RMS Rimutaki
RMS Rimutaka

Somewhere – deep in the hold – protectively oiled and securely packaged and waiting to be offloaded could be found one of Garton & Kings Medium Stoves

SS Kaikoura
SS Kaikoura

Some of the names of the ships on these runs on which G & K’s products were cargo appear frequently in the Wellington Shipping Movement Columns of the Evening Post: the SS Allawara, the SS Aorangi, the Trafalgar, Brilliant, Zealandia, and the SS Tongariro. All long since gone but some pictures of these ships accompany this article, from the age of transition from sail to steam.

SS Tongariro
SS Tongariro

One of the main distributors in New Zealand was Gunn & Ross of Dunedin In New Zealand the Otago Daily Times and the Hawkes Bay Herald carried many mentions of the company’s products and arrivals in the Shipping Columns and also through general advertisements and notices by such entities as Hardy & Sidey, Henry Williams, Parke and Curle and Gunn & Ross, T & S Morrin, F. Tuxford and other Hardware and Ironmongery outlets.


The first of the following adverts all of which include mentions of of the company's products, is from the Hawkes Bay Herald Times and shows the involvement of Samuel Begg. It was recorded in that newspaper on the 7th October 1861 the availability of “Garton & Jarvis Patent Stoves newly arrived off the sailing ship Montezuma direct from Sydney” at his Custom House Street Store, Napier. Next the West Coast Times in 1866 carried an Auction Notice for Hawkes & Strout, Hardware Merchants, Lyttleton, and the Hawkes Bay Herald in 1870 an advert by Stuart & Co stating they were Agents for Garton & King. Finally, the latest advert I could find relating to Garton & King's Stoves was effectively a ‘clearance sale’ by Park and Curle of Dunedin advertised in the Otago Daily Times dated the 13th September 1889 – sales of the coal burning ranges were by then beginning to decline.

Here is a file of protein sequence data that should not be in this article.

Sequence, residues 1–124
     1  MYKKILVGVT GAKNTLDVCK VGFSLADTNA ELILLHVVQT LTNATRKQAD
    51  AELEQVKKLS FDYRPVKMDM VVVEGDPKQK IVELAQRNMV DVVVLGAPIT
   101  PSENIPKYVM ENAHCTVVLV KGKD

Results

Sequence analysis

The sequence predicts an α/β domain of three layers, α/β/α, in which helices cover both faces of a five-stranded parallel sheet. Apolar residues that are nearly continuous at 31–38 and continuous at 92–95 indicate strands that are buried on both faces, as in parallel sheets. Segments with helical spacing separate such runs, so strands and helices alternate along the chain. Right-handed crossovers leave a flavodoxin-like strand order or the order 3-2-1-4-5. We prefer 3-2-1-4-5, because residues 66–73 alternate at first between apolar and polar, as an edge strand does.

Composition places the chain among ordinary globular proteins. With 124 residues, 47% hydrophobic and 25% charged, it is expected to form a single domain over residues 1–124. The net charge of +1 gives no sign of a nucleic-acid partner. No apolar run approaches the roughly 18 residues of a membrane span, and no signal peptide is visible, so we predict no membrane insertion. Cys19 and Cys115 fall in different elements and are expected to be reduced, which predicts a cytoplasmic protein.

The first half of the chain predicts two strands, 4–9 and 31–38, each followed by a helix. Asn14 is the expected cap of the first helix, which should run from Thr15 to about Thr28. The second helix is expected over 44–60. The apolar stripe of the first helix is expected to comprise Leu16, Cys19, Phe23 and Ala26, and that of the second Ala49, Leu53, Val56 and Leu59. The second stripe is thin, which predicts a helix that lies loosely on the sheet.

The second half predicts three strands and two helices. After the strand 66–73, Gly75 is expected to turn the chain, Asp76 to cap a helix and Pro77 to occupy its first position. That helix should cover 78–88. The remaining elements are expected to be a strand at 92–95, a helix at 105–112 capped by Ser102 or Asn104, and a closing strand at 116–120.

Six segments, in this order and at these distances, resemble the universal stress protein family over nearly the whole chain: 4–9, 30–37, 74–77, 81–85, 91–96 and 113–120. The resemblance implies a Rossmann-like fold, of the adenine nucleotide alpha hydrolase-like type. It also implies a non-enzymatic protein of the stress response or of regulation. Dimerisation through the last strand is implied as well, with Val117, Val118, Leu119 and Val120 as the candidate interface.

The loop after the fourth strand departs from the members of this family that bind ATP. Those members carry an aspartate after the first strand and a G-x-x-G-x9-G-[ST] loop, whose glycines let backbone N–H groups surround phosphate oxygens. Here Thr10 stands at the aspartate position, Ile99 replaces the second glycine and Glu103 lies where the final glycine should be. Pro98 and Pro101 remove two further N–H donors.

Advert Hawkes Bay Herald 7th Oct 1861
Hawkes Bay Herald
7th October 1861
  West Coast Times 13th Nov 1866
West Coast Times
13th Nov 1866
  Advert Hawkes Bay Herald, 11th Jan 1870
Advert Hawkes Bay Herald, 11th Jan 1870
Advert Otago Daily Times 13th Sept 1889
Advert Otago Daily Times 13th Sept 1889

This is far from being a detailed account of Garton and King’s exports over the years, but it is a small insight gleaned from the records that are available both in our archives and ‘on line’. What happened before and what happened after is practically guesswork but one can be fairly sure from what records of Stove and Range Sales that do exist that by 1900 exports had peaked and were in steep decline as the cleaner gas and electric stoves became more popular and refined. Whether other Company products were exported to these two countries at any time in the 20th century I have no proof, There are suggestions that in New Zealand at least there are Garton & King Manhole Covers but as yet I have no evidence of this – just a rumour perhaps.

Updated February 2024
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See also:
Cooking EquipmentThe Dunbar: the missing stoves
Tale of Two BarquesWheels & Gears